More noise than signal

Star Trek: The Undiscovered Country

Republished from the show notes of my other site, Fuds on Film.

Nicholas Meyer’s back in the director’s chair for the last of the full original cast’s outings. The idea appears to be a take on Perestroika, and while it’s by no means the obvious vehicle for a Cold War analogy, I’ll take what I can get.

When the Klingon’s main energy facility on their homeworld’s moon explodes, taking most of the moon and the homeworld’s ozone layer with it, they reluctantly come to the conclusion that the situation is so precarious that they can monger no further wars, and sue the Federation for peace.

This is a shock to all concerned, and hardliners on both sides urge caution to the other’s motives, with some Federation voices firmly on the side of letting the Klingons die rather than aid them. To no great surprise, given what Christopher Lloyd did to his son, Kirk’s on Team Genocide.

For reasons I either weren’t given or I can’t remember, Kirk and the Enterprise are tasked with escorting Klingon Head Dude Gorkon (David Warner)’s ship to Earth for a pow-wow, going so far as to share a meal with Gorkon and General Chang (Christopher Plummer) which apparently some people found to be amusing, in a awkward way. I do not hold myself amongst them.

At any rate, such frivolity is cut short when it appears that the Enterprise fires a couple of missiles at Gorkon’s ship, and two suited up Enterprise crew members assassinate Gorkon. Kirk and McCoy attempt to stop this, but are unable to save his life, and are arrested for the assassination. Chang puts them on trial and sentences them to life imprisonment at a frozen mining colony. There’s some hijinks before they escape, or more accurately are busted out by Spock and the Enterprise, but then it becomes an investigation to find out who on board the Enterprise sabotaged their mission, leading to a conspiracy at the highest levels of both Governments.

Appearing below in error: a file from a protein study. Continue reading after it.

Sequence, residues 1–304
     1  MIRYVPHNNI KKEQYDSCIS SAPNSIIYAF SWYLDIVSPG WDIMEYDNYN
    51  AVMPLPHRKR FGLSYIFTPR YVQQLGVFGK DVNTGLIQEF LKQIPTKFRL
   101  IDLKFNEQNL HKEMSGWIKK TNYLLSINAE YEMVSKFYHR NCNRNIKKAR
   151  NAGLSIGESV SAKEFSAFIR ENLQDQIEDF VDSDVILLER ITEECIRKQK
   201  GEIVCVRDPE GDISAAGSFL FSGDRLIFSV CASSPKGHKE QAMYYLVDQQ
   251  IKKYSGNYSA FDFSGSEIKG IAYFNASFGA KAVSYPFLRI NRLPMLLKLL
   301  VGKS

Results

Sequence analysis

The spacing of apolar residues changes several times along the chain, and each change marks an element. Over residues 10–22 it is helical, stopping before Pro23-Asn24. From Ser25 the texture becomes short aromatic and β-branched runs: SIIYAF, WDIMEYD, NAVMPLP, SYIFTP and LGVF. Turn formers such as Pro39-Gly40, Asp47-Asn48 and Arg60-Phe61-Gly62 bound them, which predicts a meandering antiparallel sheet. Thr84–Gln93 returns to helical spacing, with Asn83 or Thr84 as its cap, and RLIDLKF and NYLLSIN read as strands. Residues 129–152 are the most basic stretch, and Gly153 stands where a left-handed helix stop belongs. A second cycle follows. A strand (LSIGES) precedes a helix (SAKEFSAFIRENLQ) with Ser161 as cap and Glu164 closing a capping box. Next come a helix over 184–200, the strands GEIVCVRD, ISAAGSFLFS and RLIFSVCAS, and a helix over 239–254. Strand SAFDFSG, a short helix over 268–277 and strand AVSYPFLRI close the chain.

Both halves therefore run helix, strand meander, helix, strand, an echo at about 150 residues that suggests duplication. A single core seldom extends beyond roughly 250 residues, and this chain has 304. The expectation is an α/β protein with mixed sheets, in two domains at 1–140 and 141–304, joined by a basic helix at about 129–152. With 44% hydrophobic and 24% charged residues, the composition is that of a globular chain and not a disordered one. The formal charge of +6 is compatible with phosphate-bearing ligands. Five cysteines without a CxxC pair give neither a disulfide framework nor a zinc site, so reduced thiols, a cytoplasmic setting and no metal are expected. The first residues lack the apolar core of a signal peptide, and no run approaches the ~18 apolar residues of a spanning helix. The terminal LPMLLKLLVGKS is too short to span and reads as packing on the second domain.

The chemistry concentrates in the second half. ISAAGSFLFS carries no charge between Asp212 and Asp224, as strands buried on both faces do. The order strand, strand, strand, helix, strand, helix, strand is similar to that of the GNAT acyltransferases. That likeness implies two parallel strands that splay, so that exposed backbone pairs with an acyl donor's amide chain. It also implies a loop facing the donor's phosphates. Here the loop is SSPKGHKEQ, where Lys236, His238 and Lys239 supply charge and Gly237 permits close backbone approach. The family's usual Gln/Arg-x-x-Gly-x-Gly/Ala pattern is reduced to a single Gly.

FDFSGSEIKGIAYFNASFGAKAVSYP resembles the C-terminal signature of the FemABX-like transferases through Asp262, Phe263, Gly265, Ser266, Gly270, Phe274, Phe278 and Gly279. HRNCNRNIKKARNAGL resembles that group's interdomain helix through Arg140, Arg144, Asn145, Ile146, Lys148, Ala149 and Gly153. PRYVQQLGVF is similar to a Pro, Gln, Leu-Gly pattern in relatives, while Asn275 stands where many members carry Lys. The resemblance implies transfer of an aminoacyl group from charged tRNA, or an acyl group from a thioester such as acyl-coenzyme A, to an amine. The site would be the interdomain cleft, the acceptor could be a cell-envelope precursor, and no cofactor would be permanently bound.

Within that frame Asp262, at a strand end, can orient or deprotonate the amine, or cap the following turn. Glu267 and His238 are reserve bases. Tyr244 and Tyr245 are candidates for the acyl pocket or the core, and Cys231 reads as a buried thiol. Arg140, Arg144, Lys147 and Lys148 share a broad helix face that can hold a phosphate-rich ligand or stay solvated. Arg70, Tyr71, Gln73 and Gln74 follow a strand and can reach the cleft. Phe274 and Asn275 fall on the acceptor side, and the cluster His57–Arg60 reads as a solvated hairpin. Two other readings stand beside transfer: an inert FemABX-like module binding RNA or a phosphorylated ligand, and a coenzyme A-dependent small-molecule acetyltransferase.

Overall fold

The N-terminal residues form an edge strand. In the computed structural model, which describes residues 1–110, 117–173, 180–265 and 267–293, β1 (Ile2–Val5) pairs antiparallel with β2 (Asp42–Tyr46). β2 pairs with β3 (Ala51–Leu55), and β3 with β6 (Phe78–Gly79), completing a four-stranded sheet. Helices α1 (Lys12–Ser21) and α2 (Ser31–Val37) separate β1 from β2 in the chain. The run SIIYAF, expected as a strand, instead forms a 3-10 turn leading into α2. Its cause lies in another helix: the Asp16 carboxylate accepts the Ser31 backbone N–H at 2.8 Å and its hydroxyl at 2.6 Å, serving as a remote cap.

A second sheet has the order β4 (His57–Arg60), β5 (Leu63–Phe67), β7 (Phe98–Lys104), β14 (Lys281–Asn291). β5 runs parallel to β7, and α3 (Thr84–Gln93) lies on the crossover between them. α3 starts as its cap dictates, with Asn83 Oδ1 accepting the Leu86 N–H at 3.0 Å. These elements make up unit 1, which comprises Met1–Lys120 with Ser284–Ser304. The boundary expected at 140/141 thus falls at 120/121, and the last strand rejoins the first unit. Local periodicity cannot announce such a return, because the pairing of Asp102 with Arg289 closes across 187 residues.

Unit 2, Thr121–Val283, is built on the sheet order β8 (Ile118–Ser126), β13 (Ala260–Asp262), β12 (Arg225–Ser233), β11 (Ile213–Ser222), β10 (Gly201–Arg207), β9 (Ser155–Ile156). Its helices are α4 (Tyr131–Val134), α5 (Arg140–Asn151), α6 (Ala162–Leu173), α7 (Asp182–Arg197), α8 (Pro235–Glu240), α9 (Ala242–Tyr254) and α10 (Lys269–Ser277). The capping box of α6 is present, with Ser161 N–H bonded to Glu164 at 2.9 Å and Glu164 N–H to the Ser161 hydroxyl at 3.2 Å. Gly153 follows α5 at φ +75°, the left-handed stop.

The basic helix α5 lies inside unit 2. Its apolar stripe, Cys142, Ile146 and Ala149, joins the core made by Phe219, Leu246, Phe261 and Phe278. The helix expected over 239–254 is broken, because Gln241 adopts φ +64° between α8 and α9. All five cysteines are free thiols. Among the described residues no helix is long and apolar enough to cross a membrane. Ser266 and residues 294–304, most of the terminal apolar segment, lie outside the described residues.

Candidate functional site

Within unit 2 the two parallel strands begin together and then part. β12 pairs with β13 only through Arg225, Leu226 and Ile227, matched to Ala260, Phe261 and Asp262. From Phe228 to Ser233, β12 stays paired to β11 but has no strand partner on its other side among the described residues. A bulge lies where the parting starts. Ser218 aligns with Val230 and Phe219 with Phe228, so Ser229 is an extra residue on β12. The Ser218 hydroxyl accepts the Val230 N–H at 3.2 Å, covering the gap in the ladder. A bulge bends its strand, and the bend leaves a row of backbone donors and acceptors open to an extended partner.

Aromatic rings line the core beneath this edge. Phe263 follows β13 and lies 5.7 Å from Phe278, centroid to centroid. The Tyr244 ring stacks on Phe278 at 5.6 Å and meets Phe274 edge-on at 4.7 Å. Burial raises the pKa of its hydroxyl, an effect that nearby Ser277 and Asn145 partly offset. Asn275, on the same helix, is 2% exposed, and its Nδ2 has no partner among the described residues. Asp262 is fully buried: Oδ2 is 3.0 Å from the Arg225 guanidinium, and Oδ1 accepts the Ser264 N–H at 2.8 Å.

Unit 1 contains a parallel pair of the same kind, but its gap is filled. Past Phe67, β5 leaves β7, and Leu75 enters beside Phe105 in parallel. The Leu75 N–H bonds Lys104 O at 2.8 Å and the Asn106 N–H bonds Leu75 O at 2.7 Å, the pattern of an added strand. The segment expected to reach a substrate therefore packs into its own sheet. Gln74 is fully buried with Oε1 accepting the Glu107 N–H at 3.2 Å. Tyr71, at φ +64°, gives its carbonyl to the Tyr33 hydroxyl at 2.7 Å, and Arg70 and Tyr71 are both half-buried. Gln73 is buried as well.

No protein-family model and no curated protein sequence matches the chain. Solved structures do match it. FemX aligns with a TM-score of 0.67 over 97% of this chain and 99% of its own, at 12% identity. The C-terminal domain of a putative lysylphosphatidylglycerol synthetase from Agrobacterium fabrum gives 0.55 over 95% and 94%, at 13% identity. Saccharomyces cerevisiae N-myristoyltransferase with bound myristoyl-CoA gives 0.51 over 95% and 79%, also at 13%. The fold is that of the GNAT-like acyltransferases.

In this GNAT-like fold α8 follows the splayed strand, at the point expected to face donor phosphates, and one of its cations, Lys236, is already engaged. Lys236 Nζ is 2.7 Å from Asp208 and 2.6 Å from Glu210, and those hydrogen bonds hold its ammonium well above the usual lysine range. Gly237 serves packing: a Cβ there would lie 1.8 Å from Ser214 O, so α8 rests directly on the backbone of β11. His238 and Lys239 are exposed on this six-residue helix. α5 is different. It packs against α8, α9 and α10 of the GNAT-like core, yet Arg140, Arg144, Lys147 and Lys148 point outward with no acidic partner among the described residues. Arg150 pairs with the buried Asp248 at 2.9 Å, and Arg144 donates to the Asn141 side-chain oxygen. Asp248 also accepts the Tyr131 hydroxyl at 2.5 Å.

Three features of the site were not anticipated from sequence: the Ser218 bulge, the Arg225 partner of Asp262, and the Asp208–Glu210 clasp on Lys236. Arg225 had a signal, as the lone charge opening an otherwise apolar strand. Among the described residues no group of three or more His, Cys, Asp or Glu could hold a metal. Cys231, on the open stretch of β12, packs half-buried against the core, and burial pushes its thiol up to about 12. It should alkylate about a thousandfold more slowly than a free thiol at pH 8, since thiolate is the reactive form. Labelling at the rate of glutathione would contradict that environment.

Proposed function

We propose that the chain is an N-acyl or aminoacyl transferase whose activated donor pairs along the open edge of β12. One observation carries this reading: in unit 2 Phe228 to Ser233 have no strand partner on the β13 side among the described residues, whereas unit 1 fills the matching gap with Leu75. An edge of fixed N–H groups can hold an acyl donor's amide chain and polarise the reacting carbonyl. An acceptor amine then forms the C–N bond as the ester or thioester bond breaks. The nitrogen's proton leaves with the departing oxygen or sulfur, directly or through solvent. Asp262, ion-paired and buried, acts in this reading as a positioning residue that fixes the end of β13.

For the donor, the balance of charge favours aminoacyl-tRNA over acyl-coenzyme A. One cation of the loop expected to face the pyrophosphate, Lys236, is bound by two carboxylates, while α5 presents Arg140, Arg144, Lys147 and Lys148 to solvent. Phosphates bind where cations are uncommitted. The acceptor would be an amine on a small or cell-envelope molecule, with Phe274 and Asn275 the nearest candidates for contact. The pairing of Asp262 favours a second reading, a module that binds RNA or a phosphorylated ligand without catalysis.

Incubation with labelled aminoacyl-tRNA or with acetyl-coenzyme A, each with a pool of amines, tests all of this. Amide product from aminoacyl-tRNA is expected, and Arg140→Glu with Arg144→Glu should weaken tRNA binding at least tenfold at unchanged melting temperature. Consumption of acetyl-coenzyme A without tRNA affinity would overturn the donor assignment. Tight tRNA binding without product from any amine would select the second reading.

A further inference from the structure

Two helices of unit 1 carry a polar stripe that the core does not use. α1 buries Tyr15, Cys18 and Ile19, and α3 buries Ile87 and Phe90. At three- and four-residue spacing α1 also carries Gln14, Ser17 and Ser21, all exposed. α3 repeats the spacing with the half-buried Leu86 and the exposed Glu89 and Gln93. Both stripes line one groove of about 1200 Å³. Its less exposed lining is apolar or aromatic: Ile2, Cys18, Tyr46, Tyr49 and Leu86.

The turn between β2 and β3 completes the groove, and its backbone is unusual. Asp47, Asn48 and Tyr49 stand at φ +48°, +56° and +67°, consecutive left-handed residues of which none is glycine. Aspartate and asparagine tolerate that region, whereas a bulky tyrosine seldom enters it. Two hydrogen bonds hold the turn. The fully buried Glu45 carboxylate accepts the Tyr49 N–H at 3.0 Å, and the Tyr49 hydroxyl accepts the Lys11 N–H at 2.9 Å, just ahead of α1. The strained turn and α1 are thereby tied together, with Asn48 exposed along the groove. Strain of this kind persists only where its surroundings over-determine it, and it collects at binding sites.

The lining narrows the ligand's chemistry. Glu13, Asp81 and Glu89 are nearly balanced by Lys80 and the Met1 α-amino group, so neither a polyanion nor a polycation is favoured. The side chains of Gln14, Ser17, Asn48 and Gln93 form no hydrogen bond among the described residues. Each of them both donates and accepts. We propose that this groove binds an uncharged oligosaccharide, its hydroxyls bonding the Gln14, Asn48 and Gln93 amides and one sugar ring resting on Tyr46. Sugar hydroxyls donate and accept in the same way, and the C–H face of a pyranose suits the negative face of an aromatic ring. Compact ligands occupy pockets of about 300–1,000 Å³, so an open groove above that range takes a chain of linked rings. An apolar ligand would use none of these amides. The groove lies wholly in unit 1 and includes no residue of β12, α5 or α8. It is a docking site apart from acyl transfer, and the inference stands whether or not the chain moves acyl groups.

So there’s two threads running through this, the murder-mystery of the assassination and subsequent investigations, and also Kirk’s changing attitude to the Klingons and the possibility of the peace in the future that by this point The Next Generation was already depicting. Confusingly TNG’s Worf (Michael Dorn), or an identical ancestor thereof, shows up as a lawyer, which is another silly little in-joke in a film that for my money lets its desire to be a lighthearted knockabout get in the way of the drama of the piece.

For a film that wants to play at the high stakes table, there’s never any sense of risk or danger, even when Kirk and McCoy are surrounded by a planetful of their most deadly enemies. I’m not quite sure what the creative process was behind having Christopher Plummer belch out Shakespeare quotes almost entirely at random, but if it was an attempt at grafting some more meaning on to this it’s not worked at all.

There’s less to complain about in Undiscovered Country I suppose, certainly compared to Final Frontier. The effects work is rather more reined in, in terms of quantity, which allows them to be increased in quality. Lets face it, it’s not like it could have gotten worse. In general the performances are fine, although I don’t at all like the dialogue Plummer’s been saddled with, which in turn means I don’t at all like Plummer’s character. I’ll leave that as an exercise for the interested to work out where the fault in that lies.

I’ve always been left a little cold by this film – perhaps because it’s talking influences from genres or sub genre’s I’m quite fond of – at points this feels like Len Deighton re-writing The Hunt for Red October – but seems to treat them with no respect whatsoever, as though their silly space nonsense was an inherently more worthy genre, which is a ludicrous inversion of reality.

I feel that I should like this film a great deal more than I do, and by any rational standard it’s a better film than The Motion Picture, The Final Frontier, and The Search For Spock. But, well, I don’t. Which puts it in the same broad “not recommended” bucket as those three, so the odd / even : good / bad thing rather starts breaking down at this point – we’ll deal with those pesky Next Gen outings sometime down the line, but it doesn’t hold true there either.